A good day yesterday at The Focus Group’s Customer Experience Digital Leadership event in Holborn. Not only did I get the chance to catch up with BT’s Nicola Millard, Postshift’s Lee Bryant and WB40’s Chris Weston, but I also had the chance to roadtest some of the key concepts from the Play book.
At the end of the afternoon there was a panel debate that picked up on some of the threads that had come up in the day. One in particular has been bouncing around in my head overnight: the extent to which quality of customer experience should be a paid option.
Now, to an extent, this is already the case. I choose to pay a little more to buy some goods from John Lewis than on, say, Amazon, because of the experience and extended service over pure price. I’ve just bought breakdown cover from Green Flag which is kind of shifting my customer experience pricing from the warranty offered by the manufacturer to a third party. To an extent customer service is a form of insurance. The world of software support has also given the option to customers explicitly for many years.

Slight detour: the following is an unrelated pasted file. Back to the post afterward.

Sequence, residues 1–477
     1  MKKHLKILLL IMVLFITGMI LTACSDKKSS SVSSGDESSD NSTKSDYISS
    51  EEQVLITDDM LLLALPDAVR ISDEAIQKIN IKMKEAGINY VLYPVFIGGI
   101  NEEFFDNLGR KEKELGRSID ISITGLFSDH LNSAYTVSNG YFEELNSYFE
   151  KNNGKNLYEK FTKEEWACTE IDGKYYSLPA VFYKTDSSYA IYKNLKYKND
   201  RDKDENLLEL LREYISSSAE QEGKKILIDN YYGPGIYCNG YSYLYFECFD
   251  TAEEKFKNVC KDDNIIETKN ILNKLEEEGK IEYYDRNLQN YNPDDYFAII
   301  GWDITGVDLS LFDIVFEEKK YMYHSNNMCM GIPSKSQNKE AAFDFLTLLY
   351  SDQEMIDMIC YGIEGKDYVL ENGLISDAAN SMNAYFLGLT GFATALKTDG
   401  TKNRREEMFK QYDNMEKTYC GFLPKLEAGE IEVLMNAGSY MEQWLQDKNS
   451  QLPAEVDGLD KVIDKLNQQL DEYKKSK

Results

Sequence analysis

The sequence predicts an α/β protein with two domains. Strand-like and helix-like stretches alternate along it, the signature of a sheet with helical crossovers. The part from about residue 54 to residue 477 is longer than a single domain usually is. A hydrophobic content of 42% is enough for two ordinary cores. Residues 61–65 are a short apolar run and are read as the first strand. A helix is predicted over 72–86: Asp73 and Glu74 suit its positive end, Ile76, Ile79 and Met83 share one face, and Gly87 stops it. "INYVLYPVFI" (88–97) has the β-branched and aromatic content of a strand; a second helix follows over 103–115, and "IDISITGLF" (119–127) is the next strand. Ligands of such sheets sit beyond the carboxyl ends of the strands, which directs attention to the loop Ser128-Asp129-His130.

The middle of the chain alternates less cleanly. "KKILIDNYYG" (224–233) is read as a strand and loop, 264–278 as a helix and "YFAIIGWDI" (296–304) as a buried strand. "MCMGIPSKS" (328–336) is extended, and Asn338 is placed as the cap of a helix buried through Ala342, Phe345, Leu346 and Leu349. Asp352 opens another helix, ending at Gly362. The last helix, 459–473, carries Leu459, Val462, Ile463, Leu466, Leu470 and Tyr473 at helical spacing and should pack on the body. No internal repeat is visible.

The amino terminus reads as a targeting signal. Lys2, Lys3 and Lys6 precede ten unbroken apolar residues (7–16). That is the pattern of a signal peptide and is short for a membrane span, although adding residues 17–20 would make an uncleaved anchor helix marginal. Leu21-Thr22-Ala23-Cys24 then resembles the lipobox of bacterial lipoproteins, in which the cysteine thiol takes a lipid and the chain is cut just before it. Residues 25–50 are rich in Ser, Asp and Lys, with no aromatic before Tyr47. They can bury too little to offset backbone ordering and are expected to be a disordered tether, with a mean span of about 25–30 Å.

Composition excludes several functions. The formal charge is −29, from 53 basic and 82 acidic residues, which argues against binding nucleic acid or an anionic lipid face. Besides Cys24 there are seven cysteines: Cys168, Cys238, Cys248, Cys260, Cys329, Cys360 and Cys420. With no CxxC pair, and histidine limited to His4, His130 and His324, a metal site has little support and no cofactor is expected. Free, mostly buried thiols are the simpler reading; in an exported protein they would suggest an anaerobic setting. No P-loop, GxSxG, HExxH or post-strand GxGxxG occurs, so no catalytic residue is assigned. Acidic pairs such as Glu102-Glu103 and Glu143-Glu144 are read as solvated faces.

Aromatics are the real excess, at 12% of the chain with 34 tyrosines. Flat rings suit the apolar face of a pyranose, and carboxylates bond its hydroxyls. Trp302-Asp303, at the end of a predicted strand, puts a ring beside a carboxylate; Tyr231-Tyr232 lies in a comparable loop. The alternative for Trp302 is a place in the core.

But what is irksome is when organisations claim that “customers are at the heart of what we do” (usually straight after saying “our people are our greatest asset”) and then proceed to make customer experience a cost to be managed at minimum, rather than an investment to be made against future revenue.
It’s that last point I find most interesting- how many customer service operations are focused exclusively on driving future custom? Too often the performance metrics will be vanity, efficiency targets that mean little in the long term. And then the gulf that exists between the pre-customer “being marketed to” phase and the customer “we’ve got you now” phase emphasises the issues even more.
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